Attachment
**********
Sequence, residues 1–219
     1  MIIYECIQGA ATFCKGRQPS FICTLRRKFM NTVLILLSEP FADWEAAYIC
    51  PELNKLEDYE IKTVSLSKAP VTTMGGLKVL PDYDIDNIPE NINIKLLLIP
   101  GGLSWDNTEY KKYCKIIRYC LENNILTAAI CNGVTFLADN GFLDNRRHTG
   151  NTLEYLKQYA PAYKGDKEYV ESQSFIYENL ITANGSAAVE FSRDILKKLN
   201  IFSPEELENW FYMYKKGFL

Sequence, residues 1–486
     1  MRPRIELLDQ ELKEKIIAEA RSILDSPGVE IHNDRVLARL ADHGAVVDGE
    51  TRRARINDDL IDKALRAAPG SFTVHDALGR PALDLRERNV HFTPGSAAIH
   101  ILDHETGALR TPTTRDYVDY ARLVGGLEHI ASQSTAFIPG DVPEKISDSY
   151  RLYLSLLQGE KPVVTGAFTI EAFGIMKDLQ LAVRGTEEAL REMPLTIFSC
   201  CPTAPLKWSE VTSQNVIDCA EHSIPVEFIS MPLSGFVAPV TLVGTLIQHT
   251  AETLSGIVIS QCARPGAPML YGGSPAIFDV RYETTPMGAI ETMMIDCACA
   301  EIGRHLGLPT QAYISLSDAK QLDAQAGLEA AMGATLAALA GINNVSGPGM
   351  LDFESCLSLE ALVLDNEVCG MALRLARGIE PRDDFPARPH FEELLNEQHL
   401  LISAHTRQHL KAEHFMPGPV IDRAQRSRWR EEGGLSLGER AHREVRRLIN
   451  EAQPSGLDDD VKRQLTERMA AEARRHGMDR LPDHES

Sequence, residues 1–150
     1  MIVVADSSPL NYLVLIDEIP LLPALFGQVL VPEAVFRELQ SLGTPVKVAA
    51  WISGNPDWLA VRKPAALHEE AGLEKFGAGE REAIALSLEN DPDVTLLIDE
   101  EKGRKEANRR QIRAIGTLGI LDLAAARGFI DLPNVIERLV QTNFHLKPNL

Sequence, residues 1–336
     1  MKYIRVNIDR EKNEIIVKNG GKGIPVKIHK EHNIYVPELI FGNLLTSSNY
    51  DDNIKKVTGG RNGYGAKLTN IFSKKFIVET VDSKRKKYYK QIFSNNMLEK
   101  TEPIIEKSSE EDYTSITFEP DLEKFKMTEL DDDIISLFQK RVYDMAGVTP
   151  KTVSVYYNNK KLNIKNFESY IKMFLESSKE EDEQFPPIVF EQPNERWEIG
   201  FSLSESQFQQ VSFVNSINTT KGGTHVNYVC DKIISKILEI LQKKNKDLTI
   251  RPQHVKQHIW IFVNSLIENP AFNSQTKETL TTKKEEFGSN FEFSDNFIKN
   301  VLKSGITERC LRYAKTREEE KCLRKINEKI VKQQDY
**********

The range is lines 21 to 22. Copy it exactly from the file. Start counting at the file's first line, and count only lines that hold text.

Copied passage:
   101  EKGRKEANRR QIRAIGTLGI LDLAAARGFI DLPNVIERLV QTNFHLKPNL

Sequence, residues 1–336